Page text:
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My mechanic's daughter has just turned 10. It's not every day that you enter the Double Digits for the first time, and I think that calls for a special cake, don't you?


I asked him to give me some details about his daughter... her hobbies, favorite things, stuff like that. I don't know him very well and had never met his daughter. The only criteria he gave me was that the cake and icing should be chocolate, she likes cartoon monkeys as the main theme of the cake, and if he had to choose between describing her as a girly-girl or a tomboy, he'd lean towards tomboy. He told me she'd be happy with a sheet cake, but I wanted to flex a little cake muscle and, um, sort of pressured him into accepting a 3D monkey. He was nice about it, though.  :^)


Doing sculptures usually means doing some research on the subject matter, in order to get a feel for the item being sculpted. Well......  confession time here: monkeys creep me out. Seriously. So, it goes without saying that I only did my internet searches for "monkey" pictures a few minutes at a time over a few days. Once I found the pictures I planned to use for references, I printed them out and gave myself permission not to look at monkeys for a while.

 

The cake is basic chocolate fudge pound cake, with chocolate buttercream and modeling chocolate to cover it. I used about a pound and a half of white and milk chocolate for the covering. I don't eat much cake any more, but all that chocolate looked so good to me that I indulged in a few bites of the trimmings once the cake was finished. YUM! I started out with two 3" tall 8" rounds, and the Wilton sports ball pan. The cake removed from the tummy area became the legs. The sports ball cake (not pictured) was carved down to about a 5" round. Once everything was crumb coated, I gave it time to settle before beginning the covering.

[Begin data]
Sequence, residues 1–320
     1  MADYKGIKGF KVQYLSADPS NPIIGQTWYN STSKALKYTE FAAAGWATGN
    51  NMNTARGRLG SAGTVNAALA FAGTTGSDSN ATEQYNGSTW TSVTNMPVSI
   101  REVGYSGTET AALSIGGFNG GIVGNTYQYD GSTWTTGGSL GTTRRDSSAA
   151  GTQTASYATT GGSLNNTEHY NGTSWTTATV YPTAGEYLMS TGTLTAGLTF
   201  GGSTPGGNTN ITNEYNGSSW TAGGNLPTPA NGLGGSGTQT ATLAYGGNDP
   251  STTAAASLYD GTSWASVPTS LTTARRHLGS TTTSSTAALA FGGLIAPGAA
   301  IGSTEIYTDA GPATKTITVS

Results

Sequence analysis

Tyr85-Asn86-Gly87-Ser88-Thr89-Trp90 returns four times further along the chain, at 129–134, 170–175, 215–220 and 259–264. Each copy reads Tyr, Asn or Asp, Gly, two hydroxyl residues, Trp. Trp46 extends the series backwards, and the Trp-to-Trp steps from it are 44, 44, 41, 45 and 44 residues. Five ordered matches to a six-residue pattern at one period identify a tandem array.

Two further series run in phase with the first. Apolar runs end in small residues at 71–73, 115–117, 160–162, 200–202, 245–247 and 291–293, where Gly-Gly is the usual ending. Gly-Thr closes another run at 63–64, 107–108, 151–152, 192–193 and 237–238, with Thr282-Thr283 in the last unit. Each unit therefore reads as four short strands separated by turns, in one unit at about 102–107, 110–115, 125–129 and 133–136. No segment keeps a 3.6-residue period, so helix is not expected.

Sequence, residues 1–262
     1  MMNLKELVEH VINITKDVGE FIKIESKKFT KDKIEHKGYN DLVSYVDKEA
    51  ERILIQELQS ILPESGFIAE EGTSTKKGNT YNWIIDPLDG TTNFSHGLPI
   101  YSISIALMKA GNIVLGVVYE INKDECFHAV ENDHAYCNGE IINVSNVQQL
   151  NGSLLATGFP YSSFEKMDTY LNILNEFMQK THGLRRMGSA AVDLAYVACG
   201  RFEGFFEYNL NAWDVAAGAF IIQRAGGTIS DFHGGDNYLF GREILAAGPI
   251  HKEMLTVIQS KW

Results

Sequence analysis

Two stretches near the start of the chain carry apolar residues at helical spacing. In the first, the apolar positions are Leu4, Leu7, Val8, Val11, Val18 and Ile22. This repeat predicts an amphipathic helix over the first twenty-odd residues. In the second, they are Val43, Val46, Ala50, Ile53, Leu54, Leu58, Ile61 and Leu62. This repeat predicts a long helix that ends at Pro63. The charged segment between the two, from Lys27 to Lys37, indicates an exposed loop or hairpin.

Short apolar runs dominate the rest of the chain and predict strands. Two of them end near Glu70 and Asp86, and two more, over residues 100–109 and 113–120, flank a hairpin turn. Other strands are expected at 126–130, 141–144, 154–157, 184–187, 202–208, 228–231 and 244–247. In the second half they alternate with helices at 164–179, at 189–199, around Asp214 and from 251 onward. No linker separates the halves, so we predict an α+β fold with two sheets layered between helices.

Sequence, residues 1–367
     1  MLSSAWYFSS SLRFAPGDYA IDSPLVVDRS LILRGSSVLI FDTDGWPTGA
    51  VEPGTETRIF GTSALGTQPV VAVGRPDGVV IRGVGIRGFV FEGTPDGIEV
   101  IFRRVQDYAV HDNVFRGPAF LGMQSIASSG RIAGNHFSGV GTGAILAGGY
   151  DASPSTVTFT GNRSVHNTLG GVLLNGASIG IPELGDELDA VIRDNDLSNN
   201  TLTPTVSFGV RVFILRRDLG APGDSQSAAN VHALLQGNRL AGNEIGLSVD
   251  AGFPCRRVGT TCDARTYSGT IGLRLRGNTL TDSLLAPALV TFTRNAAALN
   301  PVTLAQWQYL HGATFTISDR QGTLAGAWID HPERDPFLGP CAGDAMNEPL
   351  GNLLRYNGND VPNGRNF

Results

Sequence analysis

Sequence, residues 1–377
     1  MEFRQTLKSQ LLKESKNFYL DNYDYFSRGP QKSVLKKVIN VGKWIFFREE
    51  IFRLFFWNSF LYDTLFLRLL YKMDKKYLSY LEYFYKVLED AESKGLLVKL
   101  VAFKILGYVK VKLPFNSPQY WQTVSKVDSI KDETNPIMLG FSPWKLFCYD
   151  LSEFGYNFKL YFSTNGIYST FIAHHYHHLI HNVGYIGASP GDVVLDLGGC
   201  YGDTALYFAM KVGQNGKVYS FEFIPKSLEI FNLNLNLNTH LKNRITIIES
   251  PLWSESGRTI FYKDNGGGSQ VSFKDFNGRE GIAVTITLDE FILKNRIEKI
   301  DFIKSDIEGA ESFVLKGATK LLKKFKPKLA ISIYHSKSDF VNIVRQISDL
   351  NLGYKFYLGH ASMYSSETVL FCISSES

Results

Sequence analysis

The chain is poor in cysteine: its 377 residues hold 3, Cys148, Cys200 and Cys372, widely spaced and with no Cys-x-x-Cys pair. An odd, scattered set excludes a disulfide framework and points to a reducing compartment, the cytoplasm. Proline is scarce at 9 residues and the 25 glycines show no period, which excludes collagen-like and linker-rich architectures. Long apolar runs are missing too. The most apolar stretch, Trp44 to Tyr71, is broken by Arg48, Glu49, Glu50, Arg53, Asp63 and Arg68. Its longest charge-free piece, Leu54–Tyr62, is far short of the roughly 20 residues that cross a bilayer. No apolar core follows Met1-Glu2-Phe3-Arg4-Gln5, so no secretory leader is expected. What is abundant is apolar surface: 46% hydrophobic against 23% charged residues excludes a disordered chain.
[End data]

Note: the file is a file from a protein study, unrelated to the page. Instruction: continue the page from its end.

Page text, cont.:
The first modeling chocolate has gone on, and now I think it looks a little like an Ewok. Oh well. That will change in a few minutes. The seams on the soles of the feet will be covered with shoes before too long, so I'm not worried about them.

I have added a little height to the neck area when I added the neck and head supports (you remember to internally support your sculptures, riiiiight?), and the head was put in place and through-doweled for stability during transport. The pants part of the monkey's overalls were put on first, then the t-shirt, overalls bib, and straps went on after that.

Here's a view of the monkey showing the tail hole in the back of the overalls.

The monkey got her preliminary face, but it wasn't quite "monkey" enough, so I redid it. The arms were covered before I applied the t-shirt ribbing. Tennis shoes spare me from having to make monkey feet (see paragraph #3), plus I think they're cute on her. I left one shoelace untied just because I like doing that.

Monkey See!

If you found this article helpful, please support me and the website by buying my cake sculpture DVD.

–Deanna

Here's another back view. You can see the shoes and the tail. I'm almost done!


Here she is! A flower in her hair helps give her a girly look (to represent the days when the tomboy doesn't want to be a tomboy!). At this point I deviated a wee small bit from the all-chocolate theme of the cake. The banana is fondant, as well as the big pink flowers and the banner. I figured I'd be forgiven a few fondant accents, with so much other chocolate for everyone to eat. A little painting is done on the banana, and the overalls are brushed with blue petal dust to subtly shade the denim. The buttons on the straps have been painted silver, and the banner is piped with a birthday wish. All the final details are now in place and nothing remains but for the monkey to make her appearance at the party.


A forty-minute drive later, and I'm ringing the Birthday Girl's doorbell. As I brought the cake into the kitchen and set it on the table, I heard her say softly as she looked into the box: "Aaaawesome." THAT is why I do cake.